Montana Owl Workshop Apr 25—30, 2013

Posted by Denver Holt

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Denver Holt

Denver Holt is a wildlife researcher and graduate of the University of Montana. He is founder and president of the Owl Research Institute and the Ninepipes Wildlife Researc...

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I would not have thought last year’s Montana Owl Workshop could have been matched. After all, we saw 8 species of owls, and Victor Emanuel was with us. Yet, to my surprise, this year we again saw 8 species. Indeed, we got Barn, Great Horned, Great Gray, Northern Pygmy, Northern Saw-whet, Boreal, Long-eared, and Short-eared. The only differences were the Snowy Owl we saw last year and the American Barn Owl we saw this year.

The Barn Owl roosted calmly in an old barn. Based on its color, it looked to be a female. In between the horses and mules and their droppings, we set our scopes and viewed the owl from 50 feet. As usual, Great Horned Owls were common and we found at least 10 nests with moderate to large-sized chicks—superb looks. The density of Great Horned Owls here is one of the highest I know of anywhere, with a pair about every square mile, or equivalent to every old farm house with mature trees.

I didn’t think last year’s Great Gray Owl observation could be topped, but it was tied. We put ourselves in good position for an evening observation, and one of our participants noted a large low-flying bird gliding through the forest. Within five minutes we had it. We rolled everyone under the barbwire fence, hiked to the meadow, and viewed the owl for an hour. As if that weren’t good enough, we heard a second owl and found it perched high in a fir tree within the forest. It was a pair and they were courting.

Once again we scored well with elusive cavity nesters. We watched a male and female Northern Pygmy-Owl hanging out near a nest. Here they preened, copulated, and flitted around the area. Later that morning we found a nesting female Saw-whet Owl. She sat at the cavity entrance and obliged us for several minutes before becoming bored and dropping back down. As always, the search for the Boreal Owl is a hard one, and during our last opportunity, within the last minutes of the tour, at the last nest box, on the last day, in a blizzard—we found a female. She also obliged us for several minutes and dropped back into the cavity. In each of these cases we viewed the owls from less than 100 feet and had outstanding scope looks.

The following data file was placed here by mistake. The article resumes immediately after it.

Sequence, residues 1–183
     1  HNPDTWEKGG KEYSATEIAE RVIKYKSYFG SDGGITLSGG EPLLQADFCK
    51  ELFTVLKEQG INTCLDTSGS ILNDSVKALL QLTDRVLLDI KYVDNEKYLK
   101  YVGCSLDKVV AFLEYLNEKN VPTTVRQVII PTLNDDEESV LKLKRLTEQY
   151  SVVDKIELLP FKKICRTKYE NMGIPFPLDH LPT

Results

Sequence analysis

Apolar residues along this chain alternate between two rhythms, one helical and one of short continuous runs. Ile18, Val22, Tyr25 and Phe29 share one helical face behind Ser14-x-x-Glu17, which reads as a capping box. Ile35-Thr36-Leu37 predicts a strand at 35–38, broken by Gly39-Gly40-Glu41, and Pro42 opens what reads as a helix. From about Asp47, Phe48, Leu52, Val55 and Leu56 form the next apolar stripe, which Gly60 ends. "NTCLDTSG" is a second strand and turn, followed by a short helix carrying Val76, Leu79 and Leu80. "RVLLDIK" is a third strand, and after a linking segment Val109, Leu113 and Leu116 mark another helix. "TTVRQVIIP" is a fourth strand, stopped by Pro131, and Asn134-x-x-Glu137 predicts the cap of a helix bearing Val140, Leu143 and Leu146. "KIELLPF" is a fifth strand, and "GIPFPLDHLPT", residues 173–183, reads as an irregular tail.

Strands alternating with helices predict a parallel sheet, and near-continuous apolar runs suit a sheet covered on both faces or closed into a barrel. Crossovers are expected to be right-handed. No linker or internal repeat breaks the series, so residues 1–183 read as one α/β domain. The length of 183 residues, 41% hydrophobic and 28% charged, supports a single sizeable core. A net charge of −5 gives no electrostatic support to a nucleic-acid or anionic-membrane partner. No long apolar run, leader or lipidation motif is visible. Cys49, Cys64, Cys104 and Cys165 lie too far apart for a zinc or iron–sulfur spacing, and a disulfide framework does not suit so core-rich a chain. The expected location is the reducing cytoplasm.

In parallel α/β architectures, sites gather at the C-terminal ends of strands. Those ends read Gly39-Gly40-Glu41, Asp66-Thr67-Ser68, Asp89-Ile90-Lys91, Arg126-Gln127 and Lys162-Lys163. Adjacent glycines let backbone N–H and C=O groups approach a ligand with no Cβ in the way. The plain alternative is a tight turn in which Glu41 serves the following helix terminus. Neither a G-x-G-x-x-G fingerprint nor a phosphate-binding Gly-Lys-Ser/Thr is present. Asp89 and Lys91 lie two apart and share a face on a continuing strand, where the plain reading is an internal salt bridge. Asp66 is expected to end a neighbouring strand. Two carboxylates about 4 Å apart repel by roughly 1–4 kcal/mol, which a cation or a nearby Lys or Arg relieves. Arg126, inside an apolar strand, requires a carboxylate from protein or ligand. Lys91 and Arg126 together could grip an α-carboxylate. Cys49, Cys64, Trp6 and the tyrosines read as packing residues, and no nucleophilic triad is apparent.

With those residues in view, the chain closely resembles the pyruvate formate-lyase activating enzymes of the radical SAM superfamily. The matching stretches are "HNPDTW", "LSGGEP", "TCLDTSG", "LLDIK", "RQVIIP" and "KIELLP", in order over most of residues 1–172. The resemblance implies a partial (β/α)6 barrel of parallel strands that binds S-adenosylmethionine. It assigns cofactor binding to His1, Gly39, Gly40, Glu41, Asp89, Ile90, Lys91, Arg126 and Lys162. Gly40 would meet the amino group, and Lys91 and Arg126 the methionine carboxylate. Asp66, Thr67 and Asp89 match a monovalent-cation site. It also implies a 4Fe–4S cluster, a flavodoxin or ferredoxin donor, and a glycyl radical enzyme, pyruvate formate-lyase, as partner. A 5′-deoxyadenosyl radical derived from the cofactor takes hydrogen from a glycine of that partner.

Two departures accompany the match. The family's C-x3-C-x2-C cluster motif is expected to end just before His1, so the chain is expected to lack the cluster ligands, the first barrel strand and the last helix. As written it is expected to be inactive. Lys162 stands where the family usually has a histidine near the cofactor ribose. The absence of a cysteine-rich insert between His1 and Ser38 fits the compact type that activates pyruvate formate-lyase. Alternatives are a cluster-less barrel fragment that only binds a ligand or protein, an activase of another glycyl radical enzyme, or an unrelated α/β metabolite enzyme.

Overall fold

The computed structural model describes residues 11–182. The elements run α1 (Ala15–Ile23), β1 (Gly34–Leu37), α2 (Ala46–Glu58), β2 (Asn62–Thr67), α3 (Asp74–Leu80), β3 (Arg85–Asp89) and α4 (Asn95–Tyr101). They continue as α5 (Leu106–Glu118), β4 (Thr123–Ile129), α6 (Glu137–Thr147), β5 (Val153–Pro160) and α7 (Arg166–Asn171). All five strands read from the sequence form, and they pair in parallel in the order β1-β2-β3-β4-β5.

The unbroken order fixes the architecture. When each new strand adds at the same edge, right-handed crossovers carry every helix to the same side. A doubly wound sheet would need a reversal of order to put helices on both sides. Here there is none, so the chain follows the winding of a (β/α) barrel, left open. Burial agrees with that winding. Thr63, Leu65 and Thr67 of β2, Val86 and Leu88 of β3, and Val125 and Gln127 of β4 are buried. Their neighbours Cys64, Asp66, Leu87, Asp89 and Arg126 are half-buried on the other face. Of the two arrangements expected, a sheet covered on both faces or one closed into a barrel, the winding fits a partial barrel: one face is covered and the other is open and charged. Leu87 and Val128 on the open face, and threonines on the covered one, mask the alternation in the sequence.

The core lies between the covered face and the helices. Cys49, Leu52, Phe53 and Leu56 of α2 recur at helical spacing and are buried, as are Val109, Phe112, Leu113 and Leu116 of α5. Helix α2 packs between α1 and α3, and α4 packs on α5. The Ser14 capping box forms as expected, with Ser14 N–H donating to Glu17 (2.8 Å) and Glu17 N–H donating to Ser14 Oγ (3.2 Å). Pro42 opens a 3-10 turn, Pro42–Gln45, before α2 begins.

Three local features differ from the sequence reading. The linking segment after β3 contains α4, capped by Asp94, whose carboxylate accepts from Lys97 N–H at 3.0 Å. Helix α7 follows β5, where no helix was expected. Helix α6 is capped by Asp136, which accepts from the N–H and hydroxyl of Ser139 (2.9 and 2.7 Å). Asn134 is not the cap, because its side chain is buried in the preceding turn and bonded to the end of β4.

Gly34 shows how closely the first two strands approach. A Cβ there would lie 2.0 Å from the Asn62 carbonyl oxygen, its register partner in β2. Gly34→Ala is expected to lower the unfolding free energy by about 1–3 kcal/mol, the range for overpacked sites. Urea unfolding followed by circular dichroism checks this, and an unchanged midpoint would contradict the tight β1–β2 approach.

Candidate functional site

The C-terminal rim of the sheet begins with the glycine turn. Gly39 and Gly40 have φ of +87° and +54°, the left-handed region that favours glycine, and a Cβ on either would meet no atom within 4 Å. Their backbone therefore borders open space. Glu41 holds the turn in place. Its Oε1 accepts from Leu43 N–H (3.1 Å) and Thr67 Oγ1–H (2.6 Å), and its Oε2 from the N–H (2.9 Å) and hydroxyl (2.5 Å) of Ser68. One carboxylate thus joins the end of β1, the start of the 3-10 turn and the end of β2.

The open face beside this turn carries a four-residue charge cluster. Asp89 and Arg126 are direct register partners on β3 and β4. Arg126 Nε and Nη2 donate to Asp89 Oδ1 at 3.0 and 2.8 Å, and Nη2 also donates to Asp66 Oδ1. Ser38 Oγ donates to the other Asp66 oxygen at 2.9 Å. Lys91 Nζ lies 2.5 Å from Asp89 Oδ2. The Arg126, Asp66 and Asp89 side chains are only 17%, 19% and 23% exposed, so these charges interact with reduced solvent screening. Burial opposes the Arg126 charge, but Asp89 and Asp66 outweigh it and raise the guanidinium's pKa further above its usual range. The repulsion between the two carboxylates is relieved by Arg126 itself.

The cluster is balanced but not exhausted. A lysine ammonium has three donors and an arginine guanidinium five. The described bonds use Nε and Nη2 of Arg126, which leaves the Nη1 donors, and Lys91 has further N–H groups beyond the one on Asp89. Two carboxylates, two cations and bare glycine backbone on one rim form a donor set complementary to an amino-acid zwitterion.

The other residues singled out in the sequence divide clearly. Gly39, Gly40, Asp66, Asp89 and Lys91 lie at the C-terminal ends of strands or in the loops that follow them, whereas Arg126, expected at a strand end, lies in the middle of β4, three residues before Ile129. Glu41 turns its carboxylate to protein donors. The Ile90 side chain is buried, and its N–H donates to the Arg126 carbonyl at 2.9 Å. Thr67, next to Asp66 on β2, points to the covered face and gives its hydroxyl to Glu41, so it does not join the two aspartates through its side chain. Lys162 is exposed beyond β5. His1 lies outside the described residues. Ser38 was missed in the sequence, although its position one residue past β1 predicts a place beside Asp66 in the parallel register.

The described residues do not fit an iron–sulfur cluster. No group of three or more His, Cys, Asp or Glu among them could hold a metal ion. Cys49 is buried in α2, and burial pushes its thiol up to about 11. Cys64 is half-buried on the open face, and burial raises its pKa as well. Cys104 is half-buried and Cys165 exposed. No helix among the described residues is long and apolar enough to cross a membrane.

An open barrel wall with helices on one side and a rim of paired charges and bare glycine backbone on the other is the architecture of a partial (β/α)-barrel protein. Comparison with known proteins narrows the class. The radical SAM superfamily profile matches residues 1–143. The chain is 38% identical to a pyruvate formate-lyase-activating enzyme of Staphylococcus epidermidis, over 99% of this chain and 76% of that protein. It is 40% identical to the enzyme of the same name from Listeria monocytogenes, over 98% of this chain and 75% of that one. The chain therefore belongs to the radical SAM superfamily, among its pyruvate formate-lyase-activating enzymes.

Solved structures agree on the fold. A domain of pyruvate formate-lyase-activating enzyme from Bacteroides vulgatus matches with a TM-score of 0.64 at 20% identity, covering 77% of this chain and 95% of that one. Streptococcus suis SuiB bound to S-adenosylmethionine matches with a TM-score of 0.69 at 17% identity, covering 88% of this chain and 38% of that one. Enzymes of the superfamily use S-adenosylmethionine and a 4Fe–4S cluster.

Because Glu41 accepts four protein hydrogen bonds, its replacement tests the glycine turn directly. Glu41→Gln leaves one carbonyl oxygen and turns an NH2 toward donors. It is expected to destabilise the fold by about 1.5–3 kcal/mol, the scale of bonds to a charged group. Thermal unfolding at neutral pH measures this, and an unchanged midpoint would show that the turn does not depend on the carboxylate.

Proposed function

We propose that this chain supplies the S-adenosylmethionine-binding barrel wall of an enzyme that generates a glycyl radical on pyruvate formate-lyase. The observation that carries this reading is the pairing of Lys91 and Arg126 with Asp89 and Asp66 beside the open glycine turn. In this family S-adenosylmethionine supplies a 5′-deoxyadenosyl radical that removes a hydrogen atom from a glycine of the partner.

We found a nesting Long-eared Owl, but she was very difficult to observe. However, this was a great example of the owl’s cryptic life style and behavior. Fortunately, as part of a long-term study, we were able to observe researchers band adults and discuss the Long-eared Owl project, the need for wildlife research, and adaptations in owls. This portion of the trip is always educational as it lets the public know why we conduct wildlife research and some of the methods used, and presents a first-hand look into this profession.

We rounded-off the species list with some good looks at Short-eared Owls as they cruised over the grasslands in moth-like flight. Short-eared Owls have declined dramatically in North America, so any looks at this handsome open country species are welcomed.

The owl workshop is a unique trip. It is far more than birding and field marks, as it introduces the participants to methods they can use to find owls. We delve into owl life history, evolutionary adaptations, and ornithology in general. It also gives a bit of insight into the world of wildlife research and wildlife researchers.